The Tax Court rejected the IRS's argument that the contracts could not be franchises because the industry standard was to refer to contracts for a limited time as municipal contracts. The relevant definition, in the Tax Court's view, was the one provided in Code Sec. 1253(b)(1). The Tax Court also rejected the IRS's argument that Code Sec. 1253 was inapplicable by its own terms, reasoning that the language of Code Sec. 1253(d) referring to capital accounts implied that the sale of a franchise leads to capital gains unless the transaction is specifically denied such treatment under Code Sec. 1253(a). The Tax Court further determined that previous decisions in the Tax Court and in the Fifth Circuit had reached the same conclusion and, moreover, that the legislative history of Code Sec 1253 confirmed the courts' interpretation.

Having found that the contracts were franchises, the Tax Court next determined that the partnerships did not keep any significant interests in the franchises or receive contingent payments. If any interests had been retained, the income from the sales would be ordinary under Code Sec. 1253(a). But because the partnerships retained no interests and received lump sum payments, the transactions were eligible for capital gains treatment under Code Sec. 1253.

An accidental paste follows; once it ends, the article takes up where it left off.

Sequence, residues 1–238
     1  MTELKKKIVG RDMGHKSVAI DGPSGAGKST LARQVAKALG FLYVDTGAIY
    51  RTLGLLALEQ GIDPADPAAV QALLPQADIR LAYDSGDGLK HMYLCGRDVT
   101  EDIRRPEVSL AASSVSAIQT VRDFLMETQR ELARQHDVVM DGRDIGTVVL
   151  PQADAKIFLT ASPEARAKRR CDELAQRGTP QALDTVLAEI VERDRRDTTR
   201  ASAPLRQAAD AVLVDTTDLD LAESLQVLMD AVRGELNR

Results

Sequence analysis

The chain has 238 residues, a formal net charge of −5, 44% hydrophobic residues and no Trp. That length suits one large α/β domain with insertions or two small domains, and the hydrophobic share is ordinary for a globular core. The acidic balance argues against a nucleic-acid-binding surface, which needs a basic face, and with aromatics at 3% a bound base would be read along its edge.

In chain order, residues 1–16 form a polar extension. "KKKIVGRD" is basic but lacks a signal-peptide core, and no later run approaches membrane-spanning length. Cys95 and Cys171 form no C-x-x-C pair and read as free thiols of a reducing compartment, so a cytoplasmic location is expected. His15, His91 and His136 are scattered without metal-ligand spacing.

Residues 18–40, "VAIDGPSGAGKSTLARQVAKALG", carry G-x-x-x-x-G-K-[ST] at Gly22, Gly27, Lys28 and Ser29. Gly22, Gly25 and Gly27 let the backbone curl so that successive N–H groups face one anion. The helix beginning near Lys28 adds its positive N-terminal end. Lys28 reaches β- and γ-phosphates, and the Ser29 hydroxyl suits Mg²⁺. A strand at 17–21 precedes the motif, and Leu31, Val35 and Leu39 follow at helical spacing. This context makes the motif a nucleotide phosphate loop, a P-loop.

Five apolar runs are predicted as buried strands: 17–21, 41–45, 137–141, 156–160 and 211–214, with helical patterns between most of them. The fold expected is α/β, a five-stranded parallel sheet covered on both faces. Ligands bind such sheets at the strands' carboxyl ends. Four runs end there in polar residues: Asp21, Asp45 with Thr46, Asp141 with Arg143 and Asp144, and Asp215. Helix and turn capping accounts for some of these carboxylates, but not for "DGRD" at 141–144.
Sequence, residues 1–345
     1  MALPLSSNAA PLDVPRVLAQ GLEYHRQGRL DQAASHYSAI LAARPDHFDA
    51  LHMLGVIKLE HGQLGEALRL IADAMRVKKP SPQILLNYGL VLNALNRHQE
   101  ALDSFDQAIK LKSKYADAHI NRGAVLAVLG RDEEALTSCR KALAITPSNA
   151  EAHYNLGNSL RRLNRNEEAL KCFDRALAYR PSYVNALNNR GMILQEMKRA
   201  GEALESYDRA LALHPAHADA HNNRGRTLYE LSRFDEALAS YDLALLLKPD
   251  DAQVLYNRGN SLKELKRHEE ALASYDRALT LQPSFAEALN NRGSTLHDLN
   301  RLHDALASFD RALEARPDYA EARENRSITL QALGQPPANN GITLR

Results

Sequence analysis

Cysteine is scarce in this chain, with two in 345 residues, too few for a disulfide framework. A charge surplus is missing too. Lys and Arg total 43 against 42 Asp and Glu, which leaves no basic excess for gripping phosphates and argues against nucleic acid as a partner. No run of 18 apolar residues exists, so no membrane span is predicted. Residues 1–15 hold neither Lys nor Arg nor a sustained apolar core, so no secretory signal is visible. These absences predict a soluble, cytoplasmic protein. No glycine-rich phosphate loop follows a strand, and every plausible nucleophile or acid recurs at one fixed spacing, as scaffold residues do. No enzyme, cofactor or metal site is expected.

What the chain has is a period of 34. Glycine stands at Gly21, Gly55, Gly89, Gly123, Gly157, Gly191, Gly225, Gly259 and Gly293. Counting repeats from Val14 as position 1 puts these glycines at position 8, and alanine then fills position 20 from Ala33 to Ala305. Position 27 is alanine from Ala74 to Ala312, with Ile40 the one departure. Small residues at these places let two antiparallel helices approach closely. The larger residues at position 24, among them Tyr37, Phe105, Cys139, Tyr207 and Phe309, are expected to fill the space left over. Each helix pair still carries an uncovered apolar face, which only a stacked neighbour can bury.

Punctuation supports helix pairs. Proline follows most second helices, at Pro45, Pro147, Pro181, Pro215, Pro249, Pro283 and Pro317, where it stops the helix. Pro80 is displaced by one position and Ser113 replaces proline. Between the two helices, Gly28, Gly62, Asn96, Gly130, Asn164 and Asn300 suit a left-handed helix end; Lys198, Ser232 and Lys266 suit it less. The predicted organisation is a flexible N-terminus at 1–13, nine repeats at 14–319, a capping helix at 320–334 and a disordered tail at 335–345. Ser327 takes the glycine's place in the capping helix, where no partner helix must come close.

The Tax Court concluded that Code Sec. 1253 applied to the transactions because the partnerships kept no significant interests in the contracts and that the partnerships were thus entitled to capital gains treatment on their profits. It therefore was not necessary for the court to decide whether the franchises were capital assets under Code Sec. 1221, Foy, or the substitute for ordinary income doctrine.

For a discussion of capital gains treatment for sales of franchises, see Parker Tax ¶117,115.

Disclaimer: This publication does not, and is not intended to, provide legal, tax or accounting advice, and readers should consult their tax advisors concerning the application of tax laws to their particular situations. This analysis is not tax advice and is not intended or written to be used, and cannot be used, for purposes of avoiding tax penalties that may be imposed on any taxpayer. The information contained herein is general in nature and based on authorities that are subject to change. Parker Tax Publishing guarantees neither the accuracy nor completeness of any information and is not responsible for any errors or omissions, or for results obtained by others as a result of reliance upon such information. Parker Tax Publishing assumes no obligation to inform the reader of any changes in tax laws or other factors that could affect information contained herein.